About your Search

20121111
20121111
Search Results 0 to 8 of about 9 (some duplicates have been removed)
the tea party and the future of the republican party. welcome to the "washington journal." guest: thanks for having me. i'm happy to be here. host: we've got an article here from the "christian science monitor" with the headline, "will the tea party compromise"" he writes, tea partiers may be more amenable to an agreement on tax revenues now that the electorate has signaled it doesn't especially like what the tea party has been up to. he goes on to say, if there's a mandate in yesterday's results, said speaker john boehner on yesterday, it's a mandate to find a way for us to work together. republicans, he said, are willing to accept new revenue under the right conditions to get a bipartisan agreement over the budget. your thoughts about what robert reich had to say and what the speaker is saying. guest: well, you know, i think that we need to find some common ground. obviously we're facing this fiscal cliff, so we have to find some common ground. everybody's talking about revenue, nobody's talking about cutting. that's really what we need to be focusing on, because you can tax people int
. this is "your money." the elections are over. the american people have spoken. now it's time for washington to get to work. >> you elected us to focus on your jobs, not ours. >> that's because nothing is more important to our economic recovery than creating jobs. president obama says he'll add 12 million jobs over the next four years. but for his math to work, the pace of economic growth needs to pick up. with a crisis in europe and a slowdown in asia, an economic storm beyond our control stands ready to batter our shores. still, two years of consistent job growth prove we are heading in the right direction, but the fiscal cliff is one storm that will be of our own making unless washington acts. $7 trillion in across-the-board tax hikes and spending cuts over the next decade mandated to begin in january. it's the legislative equivalent of a slow motion train wreck that washington can avoid. the question? will congress and the president drive that train over a cliff? >> we won't solve the problem of our fiscal imbalance overnight. >> the elections are over. the threats to our economy are not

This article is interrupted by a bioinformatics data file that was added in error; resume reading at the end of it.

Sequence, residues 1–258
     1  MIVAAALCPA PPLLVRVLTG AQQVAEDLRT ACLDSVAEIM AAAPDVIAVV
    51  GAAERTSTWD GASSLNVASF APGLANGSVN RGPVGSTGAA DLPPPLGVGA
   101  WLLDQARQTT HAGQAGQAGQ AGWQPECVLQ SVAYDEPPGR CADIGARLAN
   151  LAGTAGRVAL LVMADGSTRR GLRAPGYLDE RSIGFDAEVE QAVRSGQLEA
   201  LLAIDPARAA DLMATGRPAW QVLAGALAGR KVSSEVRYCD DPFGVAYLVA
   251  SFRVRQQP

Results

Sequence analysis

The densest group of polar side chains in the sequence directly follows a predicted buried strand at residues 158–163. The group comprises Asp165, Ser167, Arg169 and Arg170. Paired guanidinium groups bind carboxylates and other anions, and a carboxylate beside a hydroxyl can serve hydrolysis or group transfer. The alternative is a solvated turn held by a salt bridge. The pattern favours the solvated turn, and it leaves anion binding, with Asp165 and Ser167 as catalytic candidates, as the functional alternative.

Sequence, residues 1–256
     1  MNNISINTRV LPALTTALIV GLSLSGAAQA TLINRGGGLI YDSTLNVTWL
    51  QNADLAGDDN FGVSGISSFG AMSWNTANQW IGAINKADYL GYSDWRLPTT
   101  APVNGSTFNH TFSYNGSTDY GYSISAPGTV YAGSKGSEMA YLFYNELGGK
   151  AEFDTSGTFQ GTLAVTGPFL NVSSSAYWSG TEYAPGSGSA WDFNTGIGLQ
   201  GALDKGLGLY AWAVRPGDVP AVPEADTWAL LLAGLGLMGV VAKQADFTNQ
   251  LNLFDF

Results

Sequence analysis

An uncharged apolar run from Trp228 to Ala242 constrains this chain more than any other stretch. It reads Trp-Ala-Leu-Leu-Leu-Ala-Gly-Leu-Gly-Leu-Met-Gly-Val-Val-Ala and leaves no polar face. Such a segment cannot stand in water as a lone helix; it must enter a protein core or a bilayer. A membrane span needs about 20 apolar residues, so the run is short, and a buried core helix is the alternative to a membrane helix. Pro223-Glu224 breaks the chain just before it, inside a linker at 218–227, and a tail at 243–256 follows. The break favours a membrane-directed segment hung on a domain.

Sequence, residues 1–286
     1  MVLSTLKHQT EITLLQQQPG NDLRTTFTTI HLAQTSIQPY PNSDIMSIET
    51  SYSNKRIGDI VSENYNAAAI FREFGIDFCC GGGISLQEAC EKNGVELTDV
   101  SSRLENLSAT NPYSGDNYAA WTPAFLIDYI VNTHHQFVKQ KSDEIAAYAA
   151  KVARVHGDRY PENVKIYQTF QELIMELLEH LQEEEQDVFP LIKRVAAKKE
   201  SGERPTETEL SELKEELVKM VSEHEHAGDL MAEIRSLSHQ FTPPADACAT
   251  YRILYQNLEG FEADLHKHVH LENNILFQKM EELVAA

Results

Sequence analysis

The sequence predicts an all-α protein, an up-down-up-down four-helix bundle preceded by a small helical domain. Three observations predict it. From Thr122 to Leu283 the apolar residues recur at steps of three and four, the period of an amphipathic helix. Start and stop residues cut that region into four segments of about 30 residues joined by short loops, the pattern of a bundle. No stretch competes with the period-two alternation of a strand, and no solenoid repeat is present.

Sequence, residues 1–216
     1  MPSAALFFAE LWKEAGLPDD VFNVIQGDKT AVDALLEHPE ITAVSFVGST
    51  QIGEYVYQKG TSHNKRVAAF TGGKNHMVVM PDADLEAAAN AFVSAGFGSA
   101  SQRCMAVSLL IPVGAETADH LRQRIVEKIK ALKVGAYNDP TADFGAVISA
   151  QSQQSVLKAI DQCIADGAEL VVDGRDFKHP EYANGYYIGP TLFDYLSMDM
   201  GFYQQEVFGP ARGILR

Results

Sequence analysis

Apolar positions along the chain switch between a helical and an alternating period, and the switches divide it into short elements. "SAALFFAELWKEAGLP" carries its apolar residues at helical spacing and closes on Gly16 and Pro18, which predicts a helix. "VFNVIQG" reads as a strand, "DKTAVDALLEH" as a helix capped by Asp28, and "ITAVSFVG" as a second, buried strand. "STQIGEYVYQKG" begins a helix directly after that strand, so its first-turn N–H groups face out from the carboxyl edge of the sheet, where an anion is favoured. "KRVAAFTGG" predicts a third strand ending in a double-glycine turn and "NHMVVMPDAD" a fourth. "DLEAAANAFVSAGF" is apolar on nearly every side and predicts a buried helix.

and that country's reaction to the reelection of president obama. "washington journal" next. host: good morning. live coverage of the president's remarks at arlington national cemetery. it was on this date in 1918 that hostilities ended in world war i. on this november 11, the country remembers those who lost their lives and paid the ultimate price varied at arlington national cemetery and other cemeteries around the country. for congress, it is a back to work week for the start of the lame-duck session including the ongoing debate over the fiscal cliff. grover norquist on the tax pledge will be one of the topics. we want to focus on whether you think the tax pledge is still relevant. give us a call. you can also join the conversation on our twitter page or send us an e-mail. let's begin with a look at some of the headlines. we are beginning with the front page of "the new york times." andpolitico has this story -- grover norquist is optimistic about the party being as strong as ever. he carries around copies of a map showing republican dominance all over the country. he insists the party is we